How to Change Slide Size in PowerPoint (So Easy!)

There are two basic slide sizes in PowerPoint: Standard (4:3) and Widescreen (16:9). You can also select Custom Slide Size, if you want to optimize your presentation for a variety of other formats.

The Standard slide size has a 4:3 aspect ratio and is a good choice, if you’re presenting on older hardware. Newer computer monitors, laptop screens, and projectors use a 16:9 aspect ratio so, most of the time, you should select Widescreen.

We cover this topic in our Microsoft PowerPoint training but if you just want to learn how to change slide size in PowerPoint, read on!

How to Change the Size of Slides in PowerPoint

To change the slide size in PowerPoint:

  1. Click the Slide Size button on the Design tab in the Customize group.
    A drop-down menu appears.
  2. Select Standard (4:3), Widescreen (16:9), or Custom Slide Size… to update the size of slides in your presentation.
Slide Size Button
Changing PowerPoint Slide Size

You Can Only Choose One PowerPoint Slide Size

This might seem obvious but it’s important.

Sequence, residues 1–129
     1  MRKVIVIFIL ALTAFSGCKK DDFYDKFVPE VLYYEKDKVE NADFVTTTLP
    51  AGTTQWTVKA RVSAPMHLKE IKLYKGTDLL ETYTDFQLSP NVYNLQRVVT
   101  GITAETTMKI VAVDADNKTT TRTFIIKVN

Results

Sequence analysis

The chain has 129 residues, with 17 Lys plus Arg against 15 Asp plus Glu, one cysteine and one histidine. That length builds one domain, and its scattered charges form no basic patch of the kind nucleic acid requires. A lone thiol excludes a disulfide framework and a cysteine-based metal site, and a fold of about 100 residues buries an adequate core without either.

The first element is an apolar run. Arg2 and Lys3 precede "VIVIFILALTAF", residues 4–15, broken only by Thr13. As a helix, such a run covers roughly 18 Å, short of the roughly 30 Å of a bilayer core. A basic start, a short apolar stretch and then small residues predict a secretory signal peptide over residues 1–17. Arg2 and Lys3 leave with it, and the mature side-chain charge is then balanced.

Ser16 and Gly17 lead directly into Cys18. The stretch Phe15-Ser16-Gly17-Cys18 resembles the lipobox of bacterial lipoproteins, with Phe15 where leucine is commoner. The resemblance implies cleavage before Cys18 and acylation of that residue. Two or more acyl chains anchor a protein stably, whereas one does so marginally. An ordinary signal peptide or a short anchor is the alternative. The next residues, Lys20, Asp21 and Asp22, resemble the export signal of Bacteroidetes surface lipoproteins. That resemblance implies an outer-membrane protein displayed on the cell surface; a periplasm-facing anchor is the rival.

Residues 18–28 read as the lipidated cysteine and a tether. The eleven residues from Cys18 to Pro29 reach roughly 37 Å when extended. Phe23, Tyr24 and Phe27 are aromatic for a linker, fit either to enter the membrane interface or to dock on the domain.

You can only choose one slide size in PowerPoint for the entire presentation. It’s not possible multiple slide sizes in the same presentation.

What Settings Are Available Under Custom Slide Size?

What about the Custom Slide Size setting… what’s going on there?

If you’re going to distribute your PowerPoint presentation in a printed format, using an overhead projector, or you want to create 35mm slides, Custom Slide Size might be your best bet.

You can change the slide size using any of the options shown in the drop-down menu (below).

Custom Slide Sizes
Custom Slide Sizes

Notice that you can also change the setting from Landscape to Portrait in the Orientation section in the Slide Size dialog box. This is how to make PowerPoint vertical.

Will You Change the Size of Your Slides in PowerPoint?

Now that you know how to change slide size in PowerPoint, will you adjust the size of slides in your presentation?

I think this feature will be useful any time you want to optimize your PowerPoint presentation for an overhead projector, 35mm slides, or distribution in printed format.

By Michael Belfry

Working as a full-time training consultant, Michael provides Microsoft Office courses to government and private sector clients across Canada.